New Year's Resolution for Congress: Rein in Runway Education Spending

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New Year's Resolution for Congress: Rein in Runway Education Spending

January 12, 2005 2 min read

Authors: Rea Hederman and William Beach

New Year's Resolution for Congress: Rein in Runaway Education Spending

January 12, 2005

When Congress passed a pork-filled omnibus spending bill just before Thanksgiving, education programs got a heaping portion. Dubbed "the fattest legislative hog we have ever seen" by Taxpayers for Common Sense, the bill contained over 11,000 earmarks worth $15 billion. Among these, education earmarks numbered 1,200 and totaled $400 million, according to Erik W. Robelen writing in Education Week, including $450,000 for the Baseball Hall of Fame for "educational outreach using baseball to teach students through distance learning." The bill also included $25,000 for curriculum development for the study of mariachi music. Reluctant to leave any lobbyist behind, Congress also funded numerous special interest education programs, though funding for special education and Title I came in at lower levels than in the President's budget.

While the bill funds Title I at $600 million less than the President's request and special education at $500 million less than the President request, the "Whaling and Trading Partners" program received an increase. That $8.6 million could have helped additional poor or disabled children receive education services.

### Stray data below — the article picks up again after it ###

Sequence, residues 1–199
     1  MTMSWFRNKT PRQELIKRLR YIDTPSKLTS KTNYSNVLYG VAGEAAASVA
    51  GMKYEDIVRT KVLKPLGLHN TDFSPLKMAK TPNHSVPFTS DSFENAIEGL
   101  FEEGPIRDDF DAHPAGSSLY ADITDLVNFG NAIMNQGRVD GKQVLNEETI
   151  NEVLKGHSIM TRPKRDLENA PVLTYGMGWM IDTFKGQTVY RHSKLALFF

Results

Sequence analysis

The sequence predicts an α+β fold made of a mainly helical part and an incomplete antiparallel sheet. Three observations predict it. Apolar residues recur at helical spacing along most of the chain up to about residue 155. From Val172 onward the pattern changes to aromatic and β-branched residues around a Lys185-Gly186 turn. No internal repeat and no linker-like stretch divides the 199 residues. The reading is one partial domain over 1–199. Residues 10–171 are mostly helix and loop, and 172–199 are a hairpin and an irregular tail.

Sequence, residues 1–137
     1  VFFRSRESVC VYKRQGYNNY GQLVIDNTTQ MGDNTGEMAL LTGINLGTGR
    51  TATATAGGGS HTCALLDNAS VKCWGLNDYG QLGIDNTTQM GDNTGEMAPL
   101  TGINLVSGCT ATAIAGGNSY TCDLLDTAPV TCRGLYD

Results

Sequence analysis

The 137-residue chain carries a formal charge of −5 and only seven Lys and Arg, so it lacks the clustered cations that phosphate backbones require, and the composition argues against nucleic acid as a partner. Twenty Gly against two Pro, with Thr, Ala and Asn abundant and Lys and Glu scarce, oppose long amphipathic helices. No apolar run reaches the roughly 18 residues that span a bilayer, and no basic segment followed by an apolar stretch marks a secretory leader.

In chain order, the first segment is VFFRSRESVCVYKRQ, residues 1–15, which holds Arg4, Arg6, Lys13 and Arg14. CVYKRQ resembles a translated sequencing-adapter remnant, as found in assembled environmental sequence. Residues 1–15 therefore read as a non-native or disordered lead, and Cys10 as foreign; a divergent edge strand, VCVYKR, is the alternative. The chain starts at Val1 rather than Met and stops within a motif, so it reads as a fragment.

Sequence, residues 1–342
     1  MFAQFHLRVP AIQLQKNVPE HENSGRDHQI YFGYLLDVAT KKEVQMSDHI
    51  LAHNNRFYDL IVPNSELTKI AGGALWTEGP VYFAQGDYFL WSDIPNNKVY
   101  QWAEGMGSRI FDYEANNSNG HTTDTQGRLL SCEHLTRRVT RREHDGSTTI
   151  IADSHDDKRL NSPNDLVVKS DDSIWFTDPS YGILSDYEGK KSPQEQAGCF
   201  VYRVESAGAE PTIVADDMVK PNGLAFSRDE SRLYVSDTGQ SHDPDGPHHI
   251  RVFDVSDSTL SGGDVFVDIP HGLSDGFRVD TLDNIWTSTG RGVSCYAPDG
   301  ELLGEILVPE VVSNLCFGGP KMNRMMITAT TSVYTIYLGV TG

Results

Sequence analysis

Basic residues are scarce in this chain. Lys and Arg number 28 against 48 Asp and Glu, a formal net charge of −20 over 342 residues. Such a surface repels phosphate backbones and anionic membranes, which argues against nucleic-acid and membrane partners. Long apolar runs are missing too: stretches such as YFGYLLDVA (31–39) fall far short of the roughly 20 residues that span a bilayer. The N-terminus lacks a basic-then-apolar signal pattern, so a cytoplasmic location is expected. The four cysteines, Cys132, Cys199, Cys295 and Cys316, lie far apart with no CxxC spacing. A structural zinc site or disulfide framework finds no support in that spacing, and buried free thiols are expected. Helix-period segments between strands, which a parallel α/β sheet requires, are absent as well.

Kowtowing to still more special interests, Congress refused to de-fund the Women's Educational Equity Act even though girls equal or surpass boys on nearly every indicator of academic achievement. That's another $3 million.

Two weeks before Congress allocated funding for this outdated program, the U.S. Department of Education released yet another report showing girls' educational success. According to the report, girls equal or surpass boys in early education. In the K-12 years, they outperform boys in reading and writing and have essentially closed the gap in math and science. Girls are less likely to repeat grades or engage in risky behavior. More girls than boys enroll in undergraduate institutions, and girls are more likely to graduate with a degree. Girls are also more likely than boys to enroll in college immediately after high school.

Nevertheless, taxpayers will continue to fund the Women's Educational Equity Act, premised on the false idea that girls need federal assistance to keep pace academically.

These weren't the only low priority programs zeroed out in the President's budget and then amply funded by Congress in the spending omnibus. Millions of dollars that could have gone to high priority programs or to deficit reduction followed the same course, as illustrated in the chart below.

  President's Budget (in millions) Omnibus Bill (in millions)
Title I
Special education
Women's Educational Equity Act
Historic Whaling and Trading Partners
Even Start
Arts in Education
Community Technology Centers
Dropout Prevention
Elementary and Secondary School Counseling
National Writing Project
Javits Gifted and Talented Program
Migrant and Seasonal Farm Workers
Foreign Language Assistance

Congress clearly has its priorities misplaced in its earmark-laden approach to education spending. For the sake of students-and taxpayers, too-Congress needs to get its fiscal house in order.


Rea Hederman

Former Director, Center for Data Analysis and Lazof Family Fellow

William Beach

Senior Associate Fellow